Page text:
Recently at a local art competition there was a huge exhibit with facts and figures showing the evils of factory farms, and how meat-eaters use up so much more of our earth’s fuels and resources than non-meat-eaters. What got me going was that there was nothing there about sustainable farming methods as an alternative, only gads of information about how ethical vegetarians are. (Thankfully Kent was around the corner because I almost started a scene…he hates scenes.) Just then the artist’s friend happened to be there and overheard me saying out loud, “But this is just wrong!” He said, “What’s wrong? I know the artist, I can pass it along.” I told him that I wished he had used this opportunity to raise awareness on the better option of sustainable farms, how it CAN be done well. He said, “Yeah, I think he knows that…” He walked away and I wanted to scream, “Then why didn’t he show that, too?!” Imagine how many people could’ve been impacted.
Here’s the email I wrote to the artist, but I haven’t heard back…
“When visiting your exhibit recently, I was disturbed by parts of what I saw and thought I would try to explain. While I agree with some of what you shared, and I also detest factory farms, (terrible for the environment, for the animals, and for those who eat that meat), I do wish, however, that you would have shown another side to the story besides vegetarianism. There are many sustainable farms with pastured animals that are getting plenty of fresh air and room to roam. They’re fed what they were meant to eat, and therefore not getting sick or being exposed to antibiotics. Their life spans are much longer than factory-farmed animals. With good farming methods, they also use much less of the earth’s resources than CAFO’s. Are you familiar with Joel Salatin’s farm? It is a great example of animals being treated well, and meat that you can eat without concerns about getting sick. If you had also presented this side of the story, not only would you have exposed the truth on the evils of the factory farms, but you could have shown a better solution to the problem as well. Many who would never consider vegetarianism would probably be willing to buy their meat from good farms. (And as you’ve probably guessed, I believe vegetarianism is an unhealthy option for most people anyway, since non-meat-eaters often depend a lot on processed soy for a protein source.)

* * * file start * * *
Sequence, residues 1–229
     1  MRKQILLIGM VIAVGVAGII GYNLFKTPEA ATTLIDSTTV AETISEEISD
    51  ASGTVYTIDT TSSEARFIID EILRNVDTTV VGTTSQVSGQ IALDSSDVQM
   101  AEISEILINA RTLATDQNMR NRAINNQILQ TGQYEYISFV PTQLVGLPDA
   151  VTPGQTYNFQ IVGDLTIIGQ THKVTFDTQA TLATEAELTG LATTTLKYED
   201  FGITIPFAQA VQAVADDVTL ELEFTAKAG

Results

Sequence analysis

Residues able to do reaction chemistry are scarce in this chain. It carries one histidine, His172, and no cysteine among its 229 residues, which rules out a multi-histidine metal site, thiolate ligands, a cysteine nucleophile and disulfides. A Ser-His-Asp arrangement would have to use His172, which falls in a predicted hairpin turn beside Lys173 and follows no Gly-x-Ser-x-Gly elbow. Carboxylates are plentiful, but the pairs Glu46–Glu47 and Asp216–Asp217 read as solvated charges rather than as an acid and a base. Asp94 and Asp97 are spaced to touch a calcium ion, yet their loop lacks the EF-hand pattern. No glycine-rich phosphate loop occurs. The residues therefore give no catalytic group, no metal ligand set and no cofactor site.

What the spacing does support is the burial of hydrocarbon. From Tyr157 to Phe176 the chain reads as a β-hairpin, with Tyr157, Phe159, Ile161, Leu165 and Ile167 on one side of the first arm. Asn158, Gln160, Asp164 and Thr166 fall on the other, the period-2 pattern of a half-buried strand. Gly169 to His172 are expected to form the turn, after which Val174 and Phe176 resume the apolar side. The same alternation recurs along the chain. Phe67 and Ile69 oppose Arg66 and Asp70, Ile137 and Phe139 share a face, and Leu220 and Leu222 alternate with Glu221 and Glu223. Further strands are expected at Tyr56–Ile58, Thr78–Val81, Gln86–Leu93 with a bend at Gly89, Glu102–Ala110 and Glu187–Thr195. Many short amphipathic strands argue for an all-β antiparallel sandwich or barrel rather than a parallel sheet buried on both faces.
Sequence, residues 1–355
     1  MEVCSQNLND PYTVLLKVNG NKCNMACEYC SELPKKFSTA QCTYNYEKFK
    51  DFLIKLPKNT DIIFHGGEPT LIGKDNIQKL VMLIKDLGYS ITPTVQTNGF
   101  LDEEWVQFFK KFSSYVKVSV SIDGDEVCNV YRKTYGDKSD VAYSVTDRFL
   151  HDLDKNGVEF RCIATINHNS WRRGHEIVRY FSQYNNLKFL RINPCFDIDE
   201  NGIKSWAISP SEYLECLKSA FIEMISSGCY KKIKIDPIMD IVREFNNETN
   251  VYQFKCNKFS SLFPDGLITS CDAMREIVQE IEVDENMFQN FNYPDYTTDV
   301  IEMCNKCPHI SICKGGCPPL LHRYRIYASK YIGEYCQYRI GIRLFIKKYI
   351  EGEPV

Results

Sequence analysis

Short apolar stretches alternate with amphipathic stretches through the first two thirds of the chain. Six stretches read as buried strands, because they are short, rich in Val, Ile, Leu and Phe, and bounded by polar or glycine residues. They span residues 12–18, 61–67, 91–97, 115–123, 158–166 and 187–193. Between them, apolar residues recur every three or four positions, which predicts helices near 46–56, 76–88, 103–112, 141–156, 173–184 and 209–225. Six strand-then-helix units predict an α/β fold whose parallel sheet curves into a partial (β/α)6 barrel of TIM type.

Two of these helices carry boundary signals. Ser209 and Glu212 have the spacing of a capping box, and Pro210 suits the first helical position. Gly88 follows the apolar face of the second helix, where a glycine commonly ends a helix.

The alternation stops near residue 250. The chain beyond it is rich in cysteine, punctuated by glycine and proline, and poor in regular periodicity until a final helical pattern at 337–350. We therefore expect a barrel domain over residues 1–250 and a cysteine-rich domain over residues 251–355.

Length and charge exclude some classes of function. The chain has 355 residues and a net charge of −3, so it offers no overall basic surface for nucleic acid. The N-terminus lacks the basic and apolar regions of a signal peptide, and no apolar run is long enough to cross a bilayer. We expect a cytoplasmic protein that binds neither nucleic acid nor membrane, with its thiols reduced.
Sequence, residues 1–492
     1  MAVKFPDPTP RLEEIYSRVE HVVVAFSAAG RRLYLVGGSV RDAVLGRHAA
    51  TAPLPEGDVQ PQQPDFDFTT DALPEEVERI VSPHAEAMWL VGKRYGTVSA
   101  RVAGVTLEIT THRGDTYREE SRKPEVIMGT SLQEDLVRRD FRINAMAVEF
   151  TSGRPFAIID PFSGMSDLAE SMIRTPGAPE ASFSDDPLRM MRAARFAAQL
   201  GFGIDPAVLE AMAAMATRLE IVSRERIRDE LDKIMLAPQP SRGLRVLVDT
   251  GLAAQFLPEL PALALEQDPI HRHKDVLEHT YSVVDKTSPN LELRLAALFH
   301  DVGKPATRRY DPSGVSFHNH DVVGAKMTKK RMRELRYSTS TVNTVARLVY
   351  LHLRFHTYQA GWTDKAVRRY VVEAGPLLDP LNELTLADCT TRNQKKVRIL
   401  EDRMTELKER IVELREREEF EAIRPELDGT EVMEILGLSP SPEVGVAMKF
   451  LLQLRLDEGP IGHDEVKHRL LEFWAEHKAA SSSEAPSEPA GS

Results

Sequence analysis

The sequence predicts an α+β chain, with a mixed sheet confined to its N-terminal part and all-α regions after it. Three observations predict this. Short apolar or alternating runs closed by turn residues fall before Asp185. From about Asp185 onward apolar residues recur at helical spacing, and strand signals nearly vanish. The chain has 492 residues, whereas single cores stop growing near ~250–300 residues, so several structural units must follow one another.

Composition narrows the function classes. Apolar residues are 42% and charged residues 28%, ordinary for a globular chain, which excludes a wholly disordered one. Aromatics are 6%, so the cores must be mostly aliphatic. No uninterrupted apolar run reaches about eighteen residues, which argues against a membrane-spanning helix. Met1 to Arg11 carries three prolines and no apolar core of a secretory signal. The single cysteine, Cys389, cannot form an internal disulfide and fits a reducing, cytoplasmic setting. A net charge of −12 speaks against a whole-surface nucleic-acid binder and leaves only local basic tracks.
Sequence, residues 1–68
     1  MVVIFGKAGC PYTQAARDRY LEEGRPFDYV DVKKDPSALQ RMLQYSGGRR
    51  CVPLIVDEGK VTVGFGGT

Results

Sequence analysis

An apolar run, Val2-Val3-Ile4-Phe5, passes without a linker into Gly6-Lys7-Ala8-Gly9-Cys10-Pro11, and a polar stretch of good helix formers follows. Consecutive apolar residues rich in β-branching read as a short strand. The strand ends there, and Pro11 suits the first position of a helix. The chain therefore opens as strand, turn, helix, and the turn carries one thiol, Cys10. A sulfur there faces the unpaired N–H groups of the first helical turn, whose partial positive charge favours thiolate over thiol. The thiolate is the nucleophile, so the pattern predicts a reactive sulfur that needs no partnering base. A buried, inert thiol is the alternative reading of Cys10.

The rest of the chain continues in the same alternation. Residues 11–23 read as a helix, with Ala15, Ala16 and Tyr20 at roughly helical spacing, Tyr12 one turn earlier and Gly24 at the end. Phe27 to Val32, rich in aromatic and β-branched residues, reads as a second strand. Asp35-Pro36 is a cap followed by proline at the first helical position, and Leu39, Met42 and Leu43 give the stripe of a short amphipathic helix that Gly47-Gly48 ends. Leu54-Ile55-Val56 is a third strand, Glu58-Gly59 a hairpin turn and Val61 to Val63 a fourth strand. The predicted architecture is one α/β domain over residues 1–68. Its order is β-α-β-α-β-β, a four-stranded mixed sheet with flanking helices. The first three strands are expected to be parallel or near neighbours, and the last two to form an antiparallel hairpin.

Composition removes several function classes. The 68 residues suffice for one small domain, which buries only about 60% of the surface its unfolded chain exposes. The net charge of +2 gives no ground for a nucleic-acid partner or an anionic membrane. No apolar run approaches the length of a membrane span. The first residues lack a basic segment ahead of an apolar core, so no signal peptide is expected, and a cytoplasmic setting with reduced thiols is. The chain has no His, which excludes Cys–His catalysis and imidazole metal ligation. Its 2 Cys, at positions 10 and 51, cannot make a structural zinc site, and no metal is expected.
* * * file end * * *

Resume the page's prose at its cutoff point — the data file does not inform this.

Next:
I’m wondering if you’ve heard about this book – here is an interesting review on “The Vegetarian Myth“. (Click here for the Vegetarian Myth.) Also, here’s an article on why the China Study was flawed.
I don’t pretend to be an expert on this issue by any means, so I thought I’d direct you to a few more interesting links that you may be willing to look over:
Thanks for your time,
Readers, I’d love to hear your thoughts on this issue! And by the way, if you’re cutting back on meat for budget reasons, which we do here sometimes, too, just be sure you still get plenty of pastured dairy products and/or good homemade bone broth. Often in the cultures Weston Price studied, they couldn’t afford meat all week, but they ate soups with bone broth and vegetables to fill in.